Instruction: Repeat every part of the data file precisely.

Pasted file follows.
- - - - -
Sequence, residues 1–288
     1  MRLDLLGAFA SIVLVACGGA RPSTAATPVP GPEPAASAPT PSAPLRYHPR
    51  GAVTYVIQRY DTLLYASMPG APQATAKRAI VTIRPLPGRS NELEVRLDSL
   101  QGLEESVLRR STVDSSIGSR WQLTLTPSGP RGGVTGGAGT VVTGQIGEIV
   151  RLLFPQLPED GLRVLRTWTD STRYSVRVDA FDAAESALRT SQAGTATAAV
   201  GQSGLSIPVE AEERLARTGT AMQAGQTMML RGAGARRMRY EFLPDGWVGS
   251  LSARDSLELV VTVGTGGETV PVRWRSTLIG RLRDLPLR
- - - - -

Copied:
Sequence, residues 1–288
     1  MRLDLLGAFA SIVLVACGGA RPSTAATPVP GPEPAASAPT PSAPLRYHPR
    51  GAVTYVIQRY DTLLYASMPG APQATAKRAI VTIRPLPGRS NELEVRLDSL
   101  QGLEESVLRR STVDSSIGSR WQLTLTPSGP RGGVTGGAGT VVTGQIGEIV
   151  RLLFPQLPED GLRVLRTWTD STRYSVRVDA FDAAESALRT SQAGTATAAV
   201  GQSGLSIPVE AEERLARTGT AMQAGQTMML RGAGARRMRY EFLPDGWVGS
   251  LSARDSLELV VTVGTGGETV PVRWRSTLIG RLRDLPLR